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Is it possible to collect user information on our website without knowing any information (IP address, etc.) about our users?

For example, we've been presented a situation where we're supposed to collect information about possible security issues. And we're supposed to get that information without knowing anything about the user.

One option is a third-party host to collect the information, and then we get that information from that third party.

Is there another way?

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    I'm not exactly understanding the issue. Can you just choose to not record the identifying information, such as the user's IP address? – BooleanCheese Feb 3 '17 at 20:46
  • We could choose not to, but the fact that it's a choice is the issue. Regulations require that we collect this information without being able to know anything about the user. I don't see how it's possible without using a third party, but thought I'd ask just in case. – Bob Horn Feb 3 '17 at 20:56
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    I feel as though the use of a third party is just moving the issue to be somebody else's issue. It should be trivial to just never receive any identifying information, baring the IP, and I can see an argument as to why the IP address doesn't have to be seen as a privacy concern as long as it isn't stored, but I'm not at all experienced enough in this matter to know if there's a better way. – BooleanCheese Feb 3 '17 at 21:20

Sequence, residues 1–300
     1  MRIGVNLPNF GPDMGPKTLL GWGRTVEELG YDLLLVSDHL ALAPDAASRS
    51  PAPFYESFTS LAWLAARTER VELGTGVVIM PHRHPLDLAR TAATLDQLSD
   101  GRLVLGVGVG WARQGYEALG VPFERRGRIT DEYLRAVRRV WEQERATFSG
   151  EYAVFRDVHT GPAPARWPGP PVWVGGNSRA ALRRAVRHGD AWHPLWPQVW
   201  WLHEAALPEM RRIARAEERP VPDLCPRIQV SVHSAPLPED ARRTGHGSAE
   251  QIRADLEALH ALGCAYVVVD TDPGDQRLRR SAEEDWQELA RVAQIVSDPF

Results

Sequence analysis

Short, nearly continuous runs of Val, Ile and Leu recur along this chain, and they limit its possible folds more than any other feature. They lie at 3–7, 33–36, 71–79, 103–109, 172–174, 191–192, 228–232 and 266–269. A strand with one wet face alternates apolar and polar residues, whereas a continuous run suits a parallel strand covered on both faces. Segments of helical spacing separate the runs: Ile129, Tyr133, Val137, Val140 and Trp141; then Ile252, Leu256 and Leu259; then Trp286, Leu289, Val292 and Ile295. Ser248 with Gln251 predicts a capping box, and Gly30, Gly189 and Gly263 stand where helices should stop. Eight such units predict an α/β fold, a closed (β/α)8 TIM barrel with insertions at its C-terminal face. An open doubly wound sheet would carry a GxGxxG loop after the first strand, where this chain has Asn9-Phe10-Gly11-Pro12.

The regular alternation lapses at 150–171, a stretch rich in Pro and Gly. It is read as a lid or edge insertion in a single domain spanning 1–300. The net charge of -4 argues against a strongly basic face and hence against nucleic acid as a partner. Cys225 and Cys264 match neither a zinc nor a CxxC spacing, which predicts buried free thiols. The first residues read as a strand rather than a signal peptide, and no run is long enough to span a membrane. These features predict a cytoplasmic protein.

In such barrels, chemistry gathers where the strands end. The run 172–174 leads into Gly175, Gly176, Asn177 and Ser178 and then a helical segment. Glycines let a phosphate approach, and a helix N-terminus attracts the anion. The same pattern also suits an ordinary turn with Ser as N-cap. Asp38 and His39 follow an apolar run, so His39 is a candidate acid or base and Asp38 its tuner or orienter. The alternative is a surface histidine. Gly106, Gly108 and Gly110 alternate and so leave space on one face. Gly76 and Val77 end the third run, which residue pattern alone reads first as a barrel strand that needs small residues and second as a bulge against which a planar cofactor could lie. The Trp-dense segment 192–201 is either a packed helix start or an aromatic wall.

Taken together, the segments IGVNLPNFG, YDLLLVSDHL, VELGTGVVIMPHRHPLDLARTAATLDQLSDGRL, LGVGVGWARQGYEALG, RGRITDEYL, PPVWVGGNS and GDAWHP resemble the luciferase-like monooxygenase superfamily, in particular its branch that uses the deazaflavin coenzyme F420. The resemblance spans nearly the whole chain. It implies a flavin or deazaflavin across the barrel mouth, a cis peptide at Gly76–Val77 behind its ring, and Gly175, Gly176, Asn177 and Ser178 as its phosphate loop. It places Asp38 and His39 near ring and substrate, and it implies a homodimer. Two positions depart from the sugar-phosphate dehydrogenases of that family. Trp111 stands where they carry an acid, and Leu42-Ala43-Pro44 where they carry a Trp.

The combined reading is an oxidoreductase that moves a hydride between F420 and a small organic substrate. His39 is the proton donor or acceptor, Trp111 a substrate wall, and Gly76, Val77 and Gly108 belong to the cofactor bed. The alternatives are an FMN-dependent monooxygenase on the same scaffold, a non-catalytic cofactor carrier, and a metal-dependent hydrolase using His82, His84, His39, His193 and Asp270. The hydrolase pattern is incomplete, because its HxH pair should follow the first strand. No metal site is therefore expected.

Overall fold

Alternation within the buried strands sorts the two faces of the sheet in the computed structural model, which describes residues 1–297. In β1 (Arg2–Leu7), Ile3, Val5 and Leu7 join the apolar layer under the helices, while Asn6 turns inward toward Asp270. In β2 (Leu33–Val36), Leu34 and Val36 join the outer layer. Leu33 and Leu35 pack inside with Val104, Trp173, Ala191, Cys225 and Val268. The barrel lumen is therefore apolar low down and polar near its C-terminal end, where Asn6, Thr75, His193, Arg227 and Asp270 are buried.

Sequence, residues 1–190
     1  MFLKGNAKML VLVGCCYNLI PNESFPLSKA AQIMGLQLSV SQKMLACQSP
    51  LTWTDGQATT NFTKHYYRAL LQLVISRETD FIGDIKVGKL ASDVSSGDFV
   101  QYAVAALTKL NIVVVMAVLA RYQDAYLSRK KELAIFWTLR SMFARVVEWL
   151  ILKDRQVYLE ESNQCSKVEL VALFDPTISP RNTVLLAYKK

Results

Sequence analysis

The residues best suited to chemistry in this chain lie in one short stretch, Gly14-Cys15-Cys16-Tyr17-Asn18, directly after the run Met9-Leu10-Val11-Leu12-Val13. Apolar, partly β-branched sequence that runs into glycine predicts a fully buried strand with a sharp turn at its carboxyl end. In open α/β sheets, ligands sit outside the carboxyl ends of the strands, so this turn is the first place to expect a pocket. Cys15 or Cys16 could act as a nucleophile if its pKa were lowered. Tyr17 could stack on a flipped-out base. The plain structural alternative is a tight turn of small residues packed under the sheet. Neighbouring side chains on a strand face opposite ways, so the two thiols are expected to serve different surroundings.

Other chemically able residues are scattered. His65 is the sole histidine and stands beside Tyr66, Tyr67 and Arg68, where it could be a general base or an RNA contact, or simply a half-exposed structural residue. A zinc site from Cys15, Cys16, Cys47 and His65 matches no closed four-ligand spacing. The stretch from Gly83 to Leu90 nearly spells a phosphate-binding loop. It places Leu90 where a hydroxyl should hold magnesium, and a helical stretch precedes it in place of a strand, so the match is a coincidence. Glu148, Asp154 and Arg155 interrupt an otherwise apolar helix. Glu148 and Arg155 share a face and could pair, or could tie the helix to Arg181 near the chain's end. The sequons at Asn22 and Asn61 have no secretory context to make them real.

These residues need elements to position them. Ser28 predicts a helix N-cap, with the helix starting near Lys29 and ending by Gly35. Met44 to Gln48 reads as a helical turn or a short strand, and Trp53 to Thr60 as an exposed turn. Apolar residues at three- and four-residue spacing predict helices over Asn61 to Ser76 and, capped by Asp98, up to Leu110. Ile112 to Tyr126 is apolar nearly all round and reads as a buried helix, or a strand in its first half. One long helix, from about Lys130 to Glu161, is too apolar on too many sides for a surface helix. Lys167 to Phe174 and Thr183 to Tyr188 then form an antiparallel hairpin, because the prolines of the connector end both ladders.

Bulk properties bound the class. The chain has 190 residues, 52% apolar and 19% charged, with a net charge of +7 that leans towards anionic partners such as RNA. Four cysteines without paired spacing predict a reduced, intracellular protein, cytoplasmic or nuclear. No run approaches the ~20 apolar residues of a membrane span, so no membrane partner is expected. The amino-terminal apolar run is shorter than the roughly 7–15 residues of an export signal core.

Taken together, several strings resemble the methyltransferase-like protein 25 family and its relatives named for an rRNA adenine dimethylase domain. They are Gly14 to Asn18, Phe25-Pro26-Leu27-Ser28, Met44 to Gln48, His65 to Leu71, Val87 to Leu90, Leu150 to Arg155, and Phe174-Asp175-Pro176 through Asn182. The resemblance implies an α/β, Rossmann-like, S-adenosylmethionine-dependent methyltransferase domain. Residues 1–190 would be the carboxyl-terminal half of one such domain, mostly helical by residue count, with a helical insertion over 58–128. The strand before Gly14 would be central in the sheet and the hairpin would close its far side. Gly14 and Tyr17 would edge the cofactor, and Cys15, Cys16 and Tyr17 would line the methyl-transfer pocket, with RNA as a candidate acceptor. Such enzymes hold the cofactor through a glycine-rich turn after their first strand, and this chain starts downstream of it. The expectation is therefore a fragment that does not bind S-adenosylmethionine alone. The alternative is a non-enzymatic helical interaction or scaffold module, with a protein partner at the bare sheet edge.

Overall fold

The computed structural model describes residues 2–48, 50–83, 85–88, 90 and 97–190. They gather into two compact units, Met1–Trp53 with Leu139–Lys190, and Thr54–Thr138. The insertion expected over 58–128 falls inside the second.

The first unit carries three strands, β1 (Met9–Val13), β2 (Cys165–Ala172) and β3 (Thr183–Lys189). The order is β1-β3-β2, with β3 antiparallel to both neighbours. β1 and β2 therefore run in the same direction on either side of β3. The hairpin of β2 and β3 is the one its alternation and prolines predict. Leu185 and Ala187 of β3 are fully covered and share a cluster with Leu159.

• So, you want a process where it is impossible for you to ever have the choice to receive the personally identifying info? Then, yes, you need a 3rd party as a filter. But, is this truly a requirement? For most regulations, it is enough to perform an architecture audit to prove that you are not collecting the data, or that the data can't be correlated. Though, I know from experience that design reviews are more difficult than simply proving that you never receive certain data. – schroeder Feb 4 '17 at 11:35
  • What kind of "user information" are you talking about anyway? – Philipp Feb 4 '17 at 11:52
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You can offer your service on a Tor .onion site, with instructions on how to connect to it on a standard website. This will enable anyone who wants to remain anonymous to connect to your survey (or whatever) over the .onion site, which will make it impossible for you to figure out who they are based on their IP.

If you only allow people to take the survey through your .onion site, you'll probably lose a large number of people because they won't want to download the Tor browser just to fill out your survey. So, if regulations allow for it, what I'd do is offer your survey, or whistleblowing report, or security issue report, or whatever it is, through both a normal website reachable over https:// and an .onion site.

This is how wikileaks and (I think) the New York Times do it.

Edit: Correction: It's the Guardian I was thinking about, not the New York Times. See https://securedrop.theguardian.com/

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